Bill reducing Medicaid eligibility passes in House

The House passed a bill (H.R. 2576) last week that would count Social Security as income in determining eligibility for Medicaid and federal subsidies for health insurance exchanges, starting in 2014.

Because We The People demand it!

Because We The People demand it!

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Patrick Henry once said, "The Constitution is not an instrument for the government to restrain the people; it is an instrument for the people to restrain the government — lest it come to dominate our lives and interests." Wow, how timely.

Medicaid eligibility limits gaining momentum as a way to cut spending

Medicaid eligibility limits gaining momentum as a way to cut spending

As federal deficit-reduction talks continue, lawmakers from both sides are proposing legislation to tighten Medicaid eligibility rules. The legislators' collective goal is to trim program outlays by more than $13 billion. Not surprisingly, many providers are expressing concern over possible reductions in their largest funding source.

Medicare fund will be depleted by 2024, report finds

Medicare fund will be depleted by 2024, report finds

The annual Medicare Trustees report found that under current conditions, the Medicare hospital insurance trust fund will be exhausted by 2024, largely due to the bad economy. The same report, which was released Friday, projected that the Social Security trust fund also will be depleted by 2036, a year sooner than what was predicted last year.

Many Americans understand importance of long-term care planning but don't act on it, study finds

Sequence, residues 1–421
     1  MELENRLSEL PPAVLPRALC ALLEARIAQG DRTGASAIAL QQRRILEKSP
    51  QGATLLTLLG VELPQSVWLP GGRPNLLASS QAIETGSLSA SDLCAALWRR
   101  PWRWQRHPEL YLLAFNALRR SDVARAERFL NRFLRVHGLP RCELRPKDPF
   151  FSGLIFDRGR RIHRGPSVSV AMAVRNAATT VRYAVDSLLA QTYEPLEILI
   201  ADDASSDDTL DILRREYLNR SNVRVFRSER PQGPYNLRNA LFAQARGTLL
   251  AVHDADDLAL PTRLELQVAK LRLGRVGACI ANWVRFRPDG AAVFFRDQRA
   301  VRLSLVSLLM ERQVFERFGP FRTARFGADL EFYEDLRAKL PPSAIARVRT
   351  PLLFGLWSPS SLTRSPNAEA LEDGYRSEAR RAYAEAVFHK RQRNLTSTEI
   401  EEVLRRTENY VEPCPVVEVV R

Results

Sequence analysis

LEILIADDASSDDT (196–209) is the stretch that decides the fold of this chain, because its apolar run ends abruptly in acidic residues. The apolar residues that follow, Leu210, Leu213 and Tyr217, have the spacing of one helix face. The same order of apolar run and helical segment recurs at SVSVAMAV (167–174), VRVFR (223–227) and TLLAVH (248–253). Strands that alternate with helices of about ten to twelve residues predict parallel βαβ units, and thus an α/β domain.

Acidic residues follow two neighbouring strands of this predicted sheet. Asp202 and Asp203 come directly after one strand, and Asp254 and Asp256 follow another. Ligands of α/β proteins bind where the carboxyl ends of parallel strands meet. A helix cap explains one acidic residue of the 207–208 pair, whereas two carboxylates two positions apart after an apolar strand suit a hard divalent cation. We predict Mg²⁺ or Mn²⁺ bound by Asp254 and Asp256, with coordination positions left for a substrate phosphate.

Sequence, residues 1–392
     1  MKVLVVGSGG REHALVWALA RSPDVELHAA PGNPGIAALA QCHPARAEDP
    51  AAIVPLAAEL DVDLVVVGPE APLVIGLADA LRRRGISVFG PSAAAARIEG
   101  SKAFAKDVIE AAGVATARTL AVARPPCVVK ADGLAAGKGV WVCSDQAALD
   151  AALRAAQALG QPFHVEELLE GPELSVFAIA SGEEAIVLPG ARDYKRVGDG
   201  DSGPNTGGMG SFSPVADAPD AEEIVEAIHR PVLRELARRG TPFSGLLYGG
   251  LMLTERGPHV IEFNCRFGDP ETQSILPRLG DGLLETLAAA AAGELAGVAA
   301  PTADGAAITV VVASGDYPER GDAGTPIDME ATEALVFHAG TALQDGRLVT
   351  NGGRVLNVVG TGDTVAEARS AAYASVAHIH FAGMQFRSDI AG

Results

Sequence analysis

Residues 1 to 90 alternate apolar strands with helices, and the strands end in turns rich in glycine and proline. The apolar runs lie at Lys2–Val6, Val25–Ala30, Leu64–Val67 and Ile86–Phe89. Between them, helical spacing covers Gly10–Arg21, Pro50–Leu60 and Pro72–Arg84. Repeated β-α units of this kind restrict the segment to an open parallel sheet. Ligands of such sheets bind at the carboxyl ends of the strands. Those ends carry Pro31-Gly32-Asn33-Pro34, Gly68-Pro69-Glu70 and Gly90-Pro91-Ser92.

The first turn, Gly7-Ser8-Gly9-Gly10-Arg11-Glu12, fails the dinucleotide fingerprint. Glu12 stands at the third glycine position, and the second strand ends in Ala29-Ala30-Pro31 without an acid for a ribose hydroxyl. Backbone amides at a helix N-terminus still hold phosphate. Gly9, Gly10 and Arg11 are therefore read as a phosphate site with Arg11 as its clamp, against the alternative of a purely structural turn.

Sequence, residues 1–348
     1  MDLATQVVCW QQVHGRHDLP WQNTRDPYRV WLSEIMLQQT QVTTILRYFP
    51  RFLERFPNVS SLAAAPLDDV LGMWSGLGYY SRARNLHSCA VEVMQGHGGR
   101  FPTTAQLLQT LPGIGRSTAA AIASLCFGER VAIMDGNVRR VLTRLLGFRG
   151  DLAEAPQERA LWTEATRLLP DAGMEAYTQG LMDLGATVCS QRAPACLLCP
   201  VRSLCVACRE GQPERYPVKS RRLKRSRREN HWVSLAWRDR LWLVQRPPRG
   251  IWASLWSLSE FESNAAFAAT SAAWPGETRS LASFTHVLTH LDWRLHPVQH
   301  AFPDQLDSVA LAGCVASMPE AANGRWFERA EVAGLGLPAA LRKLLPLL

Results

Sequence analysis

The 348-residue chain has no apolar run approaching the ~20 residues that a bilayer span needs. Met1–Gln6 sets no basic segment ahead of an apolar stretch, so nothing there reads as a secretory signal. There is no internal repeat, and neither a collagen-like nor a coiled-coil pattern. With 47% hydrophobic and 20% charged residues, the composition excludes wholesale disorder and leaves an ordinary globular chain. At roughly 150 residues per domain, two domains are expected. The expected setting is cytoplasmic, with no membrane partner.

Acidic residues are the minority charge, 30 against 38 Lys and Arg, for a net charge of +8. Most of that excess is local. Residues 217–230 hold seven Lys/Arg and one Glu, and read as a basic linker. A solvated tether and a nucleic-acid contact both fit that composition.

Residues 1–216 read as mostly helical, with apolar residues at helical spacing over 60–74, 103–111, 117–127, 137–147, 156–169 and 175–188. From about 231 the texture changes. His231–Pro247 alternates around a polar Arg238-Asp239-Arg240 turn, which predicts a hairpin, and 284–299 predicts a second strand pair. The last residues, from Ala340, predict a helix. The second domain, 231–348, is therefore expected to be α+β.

Sixty-five percent of Americans know that long-term care planning is an important, cost-saving action. But only 44% of them have started taking any steps to prepare for unanticipated costs, according to a new consumer study from Lincoln Financial.

More than 10% of GDP will be spent on Medicare by 2083, new analysis finds

More than 10% of GDP will be spent on Medicare by 2083, new analysis finds

Medicare increasingly will become more expensive, and eventually surpass the cost of Social Security, according to a new report from the boards of trustees for Medicare and Social Security.

New Medicare payment board to play role in lowering deficit, Orszag says

New Medicare payment board to play role in lowering deficit, Orszag says

An Independent Payment Advisory Board (IPAB) established under the healthcare reform act will help to ensure the nation's future fiscal health, Office of Management and Budget Director Peter Orszag said Thursday.

Bernanke: Medicare, Social Security could be casualties of mounting deficit

Bernanke: Medicare, Social Security could be casualties of mounting deficit

The growing deficit could force the federal government to raise taxes or change entitlement programs, such as Medicare and Social Security, Federal Reserve Chairman Ben S. Bernanke said this week.

Seniors who work longer could be helping to save Medicare, Social Security

The growing number of Americans who decide to delay retirement could take some of the financial burden off the two programs, an analysis by a research organization finds.

Release of annual Medicare report delayed to calculate effects of reform

Publication of the annual report detailing the financial health of the Medicare and Social Security programs will be three months later than usual to determine the effect of the healthcare reform law on those programs, according to news reports.

Senior advocacy groups call for rights, protections for LGBT seniors

State and federal lawmakers should find a way to legally recognize same-sex elderly couples to extend social supports, financial security and healthcare benefits to gay, lesbian, bisexual and transgender seniors, a new report contends.

As life spans expand, so do Medicare, Social Security costs, study finds

By 2050, Americans could be living three to eight years longer than current government projections. That could result in significantly higher costs to Social Security and Medicare, a new study released Monday reveals.

Medicare Part B premium freeze put on ice

A measure that would prevent a cut to Social Security payments failed in the Senate. As a result, rising Medicare Part B premiums are expected to adversely affect 27% of Medicare beneficiaries.